The Duke of Wellington pub

Serving up old fashioned since it was fashionable: The Duke of Wellington Pub

The pub at the Mayflower Hotel rode a wave of Anglophilia sweeping Hamra in the late 1950s and 60s.

In addition to the Duke of Wellington, as founder Mounir Samaha named the once cramped bar in the lobby of his hotel, there were several other English-style pubs in Hamra at the time.

The Duke is the only one still standing.

Founded in 1957, the pub was almost immediately popular with the crowds of foreigners and tourists flocking to the area for a good time. As business boomed, Samaha expanded the pub to the several rooms it now occupies.

With a U-shaped bar, wooden tables and chairs, chesterfield sofas and antique pistols and coats of arms on the walls (as well as mounted deer heads), the Duke of Wellington still feels like a traditional English pub.

“The decor is exactly the same as it was,” Samaha’s son Sherif tells CNN, although the pub now attracts a somewhat different crowd of nostalgic over 40s.

In its heyday prior to the civil war, journalists would revel alongside foreign engineers working in the city as well as – once again – flight attendants and pilots fresh from the bustling airport. Samaha was a constant, Sherif says, greeting regulars and doling out ever more bottles of Whitbread beer specially imported from the UK.

“I don’t want to say he was a womanizer,” Sherif recalls, laughing, “but he used to be very chatty with the airline hostesses in particular.”

The Duke of Wellington pub is located in the Mayflower Hotel on Yafet Street in Hamra. For a reservation call +961 01 340 680.

Pepe Abed Byblos Fishing Club

Boozy origins: Pepe Abed Byblos Fishing Club.

Sitting with Roger Abed in the comfortable living room of the Ottoman-era fishing club in the historic port city of Byblos about 40 kilometers north of Beirut, the anecdotes come fast and furious as he thumbs through decades-old guest books, partially decayed from the damp sea air.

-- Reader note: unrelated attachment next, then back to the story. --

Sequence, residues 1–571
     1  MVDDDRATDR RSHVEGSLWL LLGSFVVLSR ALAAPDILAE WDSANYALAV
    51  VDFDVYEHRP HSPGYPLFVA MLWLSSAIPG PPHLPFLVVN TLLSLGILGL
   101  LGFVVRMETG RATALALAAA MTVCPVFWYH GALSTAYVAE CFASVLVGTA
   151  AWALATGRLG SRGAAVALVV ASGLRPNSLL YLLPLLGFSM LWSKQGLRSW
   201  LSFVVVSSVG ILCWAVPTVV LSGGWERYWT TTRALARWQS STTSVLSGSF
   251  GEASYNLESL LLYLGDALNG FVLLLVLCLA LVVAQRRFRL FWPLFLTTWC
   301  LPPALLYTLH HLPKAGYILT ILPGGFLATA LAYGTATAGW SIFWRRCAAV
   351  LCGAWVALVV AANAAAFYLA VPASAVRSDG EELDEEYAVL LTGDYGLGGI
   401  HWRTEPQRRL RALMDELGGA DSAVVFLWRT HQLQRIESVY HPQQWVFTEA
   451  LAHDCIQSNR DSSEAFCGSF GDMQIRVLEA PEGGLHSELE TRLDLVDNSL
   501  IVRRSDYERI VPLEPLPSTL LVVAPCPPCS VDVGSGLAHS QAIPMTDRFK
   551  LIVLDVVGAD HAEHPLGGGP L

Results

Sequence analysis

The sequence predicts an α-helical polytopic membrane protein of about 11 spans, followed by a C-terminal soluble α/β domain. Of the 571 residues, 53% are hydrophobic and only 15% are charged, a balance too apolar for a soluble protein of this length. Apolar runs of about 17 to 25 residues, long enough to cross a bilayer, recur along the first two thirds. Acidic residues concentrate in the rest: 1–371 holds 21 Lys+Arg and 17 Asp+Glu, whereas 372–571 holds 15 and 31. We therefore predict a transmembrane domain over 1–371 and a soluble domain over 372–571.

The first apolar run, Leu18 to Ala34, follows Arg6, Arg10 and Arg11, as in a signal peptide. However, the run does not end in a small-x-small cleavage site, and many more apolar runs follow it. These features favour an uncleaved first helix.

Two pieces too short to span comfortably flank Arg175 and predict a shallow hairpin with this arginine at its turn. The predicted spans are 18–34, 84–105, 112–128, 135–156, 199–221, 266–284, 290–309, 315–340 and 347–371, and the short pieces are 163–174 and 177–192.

According to Abed, his father Pepe sailed into the ancient Phoenician harbor of Byblos in 1962 after having made a small fortune from a beach club south of Beirut.

Laying eyes on an old fishing shack, he was so enchanted that he bought it then and there.

A few months later, Pepe’s friend Marlon Brando (the two had gotten acquainted while living in Acapulco, Mexico) gave him the idea to open a restaurant during a drunken night at the fishing club in the early 1960s, which ended in Brando sleeping it off on the couch under his jacket.

Based on the photographs of celebrity visitors lining the dining room, a terrace with tables in blue and white and flowers potted in ancient Phoenician amphorae overlooking the harbor, little has changed since the restaurant opened its doors.

Guests dine on fresh fish, mezze and Lebanese wine while enjoying the dappled sunlight and sea breezes.

In fact, it might even be better now, for visitors at least. In its prime, there was a constant crush of visitors at Chez Pepe. Now, on a weekday, if you’re lucky it’ll be just you and the ghosts.

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One minute in Beirut
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Stephanie d’Arc Taylor is an American journalist who has lived in Beirut for three years working on subjects of politics, business and arts & culture. She tweets at @SdArcT.